Confused on passenger servicegreenspun.com : LUSENET : Southern Railway : One Thread
I would like to model as prototypical as possible Southern railway passenger service. I currently have in my model stock a proto E8/9 no 6912 (black) a E7 2907 (black)and an E6 A/B units numbered 2802 and 2953 (green). I will soon have an E7 2909 I believe. I also have the Ihc corugated side passenger cars (without a black roof) and the Athearn std green passenger cars. I can pick up other passenger cars if I need to. Tell me what to do here. Additional questions are: are the roofs on the corrugated passenger cars suppose to be black? Did the e unit ever pull frieght. Where can I get a souther e-6 A/B units that have the white roofs? (proto 2000). I hope this doesn't create a overload for you. Thanks Steve kennedy
-- Steve kennedy (firstname.lastname@example.org), August 25, 2001
As far as I have seen Southern E-units pulling freight was a rarity. They were used on mixed passenger-mail-piggyback trains, like 5 & 6 and 21 & 22. I know of one instance in 1973 when a 4-unit set of freshly painted green E8's were used on piggyback train 719 (Advance 219 - "the Jet") from Spencer to Atlanta. They were returning off a Kentucky Derby Special. "Big Maxsie" Williams was the engineer, and he mortally took those pigs for a ride.
As for the black roofs on the stainless cars, there is some photo evidence that some received black roofs as soon as the early fifties. Many did not get painted til the late 60's, possibly early 70's.
-- Ben Lee (Bengineer7@aol.com), August 26, 2001.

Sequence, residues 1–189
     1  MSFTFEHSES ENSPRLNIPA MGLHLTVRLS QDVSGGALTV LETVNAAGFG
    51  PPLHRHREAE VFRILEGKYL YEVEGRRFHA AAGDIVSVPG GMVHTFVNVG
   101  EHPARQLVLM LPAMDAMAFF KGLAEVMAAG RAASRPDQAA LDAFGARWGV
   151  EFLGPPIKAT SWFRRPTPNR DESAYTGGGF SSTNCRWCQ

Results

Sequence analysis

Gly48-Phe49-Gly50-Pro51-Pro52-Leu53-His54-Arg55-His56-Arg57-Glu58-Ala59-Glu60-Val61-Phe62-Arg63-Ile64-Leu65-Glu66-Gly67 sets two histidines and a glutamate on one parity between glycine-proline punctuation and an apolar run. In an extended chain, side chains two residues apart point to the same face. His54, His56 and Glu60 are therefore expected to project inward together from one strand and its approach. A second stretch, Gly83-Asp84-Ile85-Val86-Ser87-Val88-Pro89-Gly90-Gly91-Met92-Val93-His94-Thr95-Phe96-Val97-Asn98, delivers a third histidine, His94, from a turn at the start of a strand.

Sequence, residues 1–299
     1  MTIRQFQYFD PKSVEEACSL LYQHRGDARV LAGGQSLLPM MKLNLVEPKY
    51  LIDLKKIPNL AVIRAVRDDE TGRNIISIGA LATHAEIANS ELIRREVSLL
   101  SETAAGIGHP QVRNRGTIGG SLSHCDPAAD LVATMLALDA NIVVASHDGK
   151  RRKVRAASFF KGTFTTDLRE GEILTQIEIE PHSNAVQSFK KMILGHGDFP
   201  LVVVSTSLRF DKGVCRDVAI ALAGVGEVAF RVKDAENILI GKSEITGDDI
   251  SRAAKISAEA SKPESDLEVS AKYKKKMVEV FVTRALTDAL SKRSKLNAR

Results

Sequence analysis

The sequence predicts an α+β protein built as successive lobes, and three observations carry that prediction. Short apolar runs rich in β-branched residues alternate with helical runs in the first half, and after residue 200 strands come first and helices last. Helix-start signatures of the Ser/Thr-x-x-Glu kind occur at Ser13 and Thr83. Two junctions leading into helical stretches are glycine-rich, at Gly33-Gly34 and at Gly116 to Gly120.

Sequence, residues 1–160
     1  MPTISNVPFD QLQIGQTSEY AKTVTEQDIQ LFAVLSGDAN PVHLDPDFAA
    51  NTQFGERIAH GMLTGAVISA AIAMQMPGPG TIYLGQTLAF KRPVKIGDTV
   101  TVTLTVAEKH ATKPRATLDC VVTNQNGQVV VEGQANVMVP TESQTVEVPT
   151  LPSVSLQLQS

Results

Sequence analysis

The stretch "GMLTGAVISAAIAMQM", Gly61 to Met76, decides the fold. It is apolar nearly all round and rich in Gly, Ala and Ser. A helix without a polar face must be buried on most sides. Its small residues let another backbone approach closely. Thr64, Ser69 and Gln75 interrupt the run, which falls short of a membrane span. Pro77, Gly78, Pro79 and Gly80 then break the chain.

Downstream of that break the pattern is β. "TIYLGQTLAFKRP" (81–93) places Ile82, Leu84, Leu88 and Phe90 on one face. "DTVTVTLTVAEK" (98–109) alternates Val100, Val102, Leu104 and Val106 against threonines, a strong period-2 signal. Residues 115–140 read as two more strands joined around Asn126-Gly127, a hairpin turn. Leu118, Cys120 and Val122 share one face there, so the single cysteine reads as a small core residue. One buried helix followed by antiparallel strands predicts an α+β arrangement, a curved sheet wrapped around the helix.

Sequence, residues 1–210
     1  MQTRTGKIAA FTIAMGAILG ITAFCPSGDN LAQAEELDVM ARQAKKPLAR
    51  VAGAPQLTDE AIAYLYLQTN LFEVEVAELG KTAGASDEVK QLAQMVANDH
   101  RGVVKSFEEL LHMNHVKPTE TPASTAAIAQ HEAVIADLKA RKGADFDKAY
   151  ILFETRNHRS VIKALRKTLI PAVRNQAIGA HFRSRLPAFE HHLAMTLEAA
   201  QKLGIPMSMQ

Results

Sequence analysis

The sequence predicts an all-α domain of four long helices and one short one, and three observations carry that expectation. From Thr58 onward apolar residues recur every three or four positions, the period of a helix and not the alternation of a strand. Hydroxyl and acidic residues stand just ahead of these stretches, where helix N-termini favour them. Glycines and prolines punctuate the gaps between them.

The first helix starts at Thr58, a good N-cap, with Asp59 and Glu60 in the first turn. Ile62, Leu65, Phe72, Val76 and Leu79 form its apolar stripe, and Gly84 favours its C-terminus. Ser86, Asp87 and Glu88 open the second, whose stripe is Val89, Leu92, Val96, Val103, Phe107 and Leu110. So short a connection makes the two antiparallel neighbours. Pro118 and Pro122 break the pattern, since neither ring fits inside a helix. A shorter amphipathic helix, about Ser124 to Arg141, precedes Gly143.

Steve--you don't mention which time period you are modeling THe LifeLIke E6A/B units would be accurate up to about 1949/50. After that they and all other passneger unts were repainted in the simplified green scheme, the same as used on freight units which also were repainted green arond that time. Most E-units were rebuilt in the early 1950s with round portholes replacing the square windows, large angled number boards instead of the small streamlined ones, and oil cooler coils on the roofs. Some B-units even got dynamic brakes. If you wnat to really model SOuthern passenger operations what about the passenger FP7s, F3s, GP7s, and RS3s. Most of these were used on secondary trains on branches as well as freight. You have a start with the IHC cars but you can expand your consists with NKP car kits (see their ad in RMC)and Branchline is releasing Southern cars soon. Walthers has some new cars decorated for Southern. Good luck--Larry
-- Larry (email@example.com), August 26, 2001.